The next step was fitting a residential and office component, which functions very well in a 30-foot deep module with an optional 8-foot by 10-foot corridor block so we could double-load the building (Fig. 5a, 5b). By adding an intermediate beam in the 10-foot cube we were able to create 15-foot retail spaces with mechanical space. Other small adjustments to the modular grid could allow for any variety of program space. For example, hydroponic vertical farms or storage modules could be used by tenants (Fig. 6a, 6b, 6c). The point of this was that by creating a flexible space, we could change the One thing to keep in interior spaces to respond to the changing needs of the mind when designing building. One could start something for the with a mixed-use park- future is that if you ing-retail configuration and change the ratios as need- can already explain ed. If demand for parking exactly how it will grew, the owner could add work, you’re not more bays. Eventually, in a city with increasing density thinking big enough. and a decreased demand for parking, these could be changed to office and residential spaces. In our final rendering, we showed a parking module adjacent to a service area. The idea was that much like in the first parking garages, cars could be worked on while parked. Offices for the service shops could be located in the next bay. This would work whether the cars were owned by individuals or were leased by a driverless car-share company. Here we had a construction system that allowed owners to add levels as needed or swap them from parking to mixed-use and vice versa. It could be used as a temporary construction system for disaster relief or for events such as the World Cup or the Olympics. Flexibility is key. We know trying to describe what anything might be like in 30 years is like shooting darts in the dark, and only time will tell. At several points throughout our process, we thought we were being clever with an parking.org/tpp

Fig. 6a

Fig. 6b

Fig. 6c

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Fig. 7 original futuristic idea, but it turned out that someone, somewhere was already working on either something similar or working on the building blocks that could be used to actually make our idea happen. Frustrating as it is to find out that someone beat you to an idea, for us it was promising to know that we could one day actually see it realized! One thing to keep in mind when designing something for the future is that if you can already explain exactly how it will work, you’re not thinking big enough.

The System

JUAN RAMOS, LEED AP BD+C, is project liaison with DCM Architecture and Engineering. He can be reached at jramos@dcm-ae.com.

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The most exciting part for us was envisioning how this thing could come together as a system and how it could interact with its surroundings. We didn’t want it to be just a net-zero building—we figured it could be net positive, taking waste and producing something useful! Fig. 7 shows some of the features that we could see in the garage. At some point it can be mixed-use, but the idea is the same. Beginning with harvesting wind and solar (all exterior surfaces could be photovoltaic), rain water is collected and used in the building. Gray water is treated, made potable, and then reused in building or the surplus is sold back to the grid, much like we do now with electricity. I can see my future grandchildren making fun of me for living in a time when we used to simply flush water down the drain. Wastewater along with any organic waste will be sent to a composter/digester within the building. We could also accept recyclable and organic waste from adjacent buildings to process on-site. Some of the by-products of decomposition are: ● Energy in the form of heat that will be used to heat water or air with a heat transfer system. ● Methane that can be used as a biogas in the building,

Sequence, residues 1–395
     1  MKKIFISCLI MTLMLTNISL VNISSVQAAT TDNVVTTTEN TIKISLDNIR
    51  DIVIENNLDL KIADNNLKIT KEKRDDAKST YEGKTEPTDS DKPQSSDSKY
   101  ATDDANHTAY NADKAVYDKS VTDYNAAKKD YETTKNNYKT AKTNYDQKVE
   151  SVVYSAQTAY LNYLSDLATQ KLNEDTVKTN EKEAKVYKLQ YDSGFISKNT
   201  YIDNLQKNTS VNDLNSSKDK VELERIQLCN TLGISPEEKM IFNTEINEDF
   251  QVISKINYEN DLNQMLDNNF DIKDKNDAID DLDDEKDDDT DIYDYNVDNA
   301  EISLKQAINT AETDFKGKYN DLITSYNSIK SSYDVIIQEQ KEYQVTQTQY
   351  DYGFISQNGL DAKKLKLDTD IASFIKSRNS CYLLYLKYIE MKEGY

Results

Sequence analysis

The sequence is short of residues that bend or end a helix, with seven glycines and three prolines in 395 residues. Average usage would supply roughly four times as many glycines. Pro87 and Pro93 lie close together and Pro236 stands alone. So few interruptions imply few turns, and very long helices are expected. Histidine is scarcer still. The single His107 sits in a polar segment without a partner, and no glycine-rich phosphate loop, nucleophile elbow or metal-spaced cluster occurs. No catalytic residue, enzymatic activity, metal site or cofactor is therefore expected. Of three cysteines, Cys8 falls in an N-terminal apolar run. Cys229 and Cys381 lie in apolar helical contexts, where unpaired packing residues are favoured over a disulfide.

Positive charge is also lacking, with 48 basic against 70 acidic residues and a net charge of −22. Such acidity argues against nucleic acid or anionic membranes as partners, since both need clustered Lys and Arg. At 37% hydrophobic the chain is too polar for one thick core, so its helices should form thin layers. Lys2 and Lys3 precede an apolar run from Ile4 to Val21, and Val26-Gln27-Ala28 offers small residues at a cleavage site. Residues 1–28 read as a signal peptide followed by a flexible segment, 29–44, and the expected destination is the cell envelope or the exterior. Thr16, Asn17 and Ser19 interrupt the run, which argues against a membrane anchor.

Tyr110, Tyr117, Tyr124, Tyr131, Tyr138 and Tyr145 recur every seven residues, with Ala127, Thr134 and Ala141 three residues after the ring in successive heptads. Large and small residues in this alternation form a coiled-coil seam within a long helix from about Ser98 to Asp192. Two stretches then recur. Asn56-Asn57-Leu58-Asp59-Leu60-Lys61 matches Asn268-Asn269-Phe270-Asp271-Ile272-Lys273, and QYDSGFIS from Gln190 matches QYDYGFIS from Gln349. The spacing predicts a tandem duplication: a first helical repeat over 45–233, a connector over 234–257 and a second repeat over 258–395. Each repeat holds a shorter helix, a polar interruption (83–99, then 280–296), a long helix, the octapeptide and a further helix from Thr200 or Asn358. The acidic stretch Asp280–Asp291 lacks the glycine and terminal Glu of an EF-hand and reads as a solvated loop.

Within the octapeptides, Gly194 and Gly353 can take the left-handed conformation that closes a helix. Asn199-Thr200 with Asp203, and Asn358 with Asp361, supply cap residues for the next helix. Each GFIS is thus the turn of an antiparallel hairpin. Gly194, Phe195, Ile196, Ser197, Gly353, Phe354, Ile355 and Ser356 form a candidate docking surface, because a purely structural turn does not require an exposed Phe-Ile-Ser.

INTERNATIONAL PARKING INSTITUTE | OCTOBER 2017

sold to the grid, or used in a gas generator to charge electric vehicles parked in the garage. ● Nitrogen that can be used as a fertilizer in the hydroponic farms. ● Carbon that can also be used in the farms but more importantly, when processed with methane can be turned into graphene. This is one of the techniques that is being developed to mass produce graphene, which is a super conductor that’s extremely light and 10 times stronger than steel.2 ● Ethylene gas, which is another byproduct of decomposition3 and has been successfully used to produce graphene.4 ● Finally, the recyclable waste, along with the graphene could be processed onsite into filaments or powders for 3-D printers. Any component you would need—from a cellphone cover to a facade panel—could be printed on site, using your own waste as your source material. That’s an exciting future! For more, visit parking. org/vr.

References

W. M. Huang, Z. Ding, C. C. Wang, J. Wei, Y. Zhao, and H. Purnawali. “Shape Memory Materials.” (n.d.): n. pag. Shape Memory Materials - ScienceDirect. Web. 31 Aug. 2017. 2 David L. Chandler | MIT News Office. “Researchers Design One of the Strongest, Lightest Materials Known.” MIT News. N.p., 06 Jan. 2017. Web. 01 Sept. 2017. 3 Ward, T., E. M. Turner, and D. J. Osborne. “Evidence for the Production of Ethylene by the Mycelium of Agaricus Bisporus and Its Relationship to Sporocarp Development.” Journal of General Microbiology 104.1 (1978): 23-30. Web. 4 Wang, Bo, Michael König, Catherine J. Bromley, Bokwon Yoon, Michael-John Treanor, José A. Garrido Torres, Marco Caffio, Federico Grillo, Herbert Früchtl, Neville V. Richardson, Friedrich Esch, Ueli Heiz, Uzi Landman, and Renald Schaub. “Ethene to Graphene: Surface Catalyzed Chemical Pathways, Intermediates, and Assembly.” The Journal of Physical Chemistry C 121.17 (2017): 9413-423. Web 1

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Designing the Future Garage  

Designing the Future Garage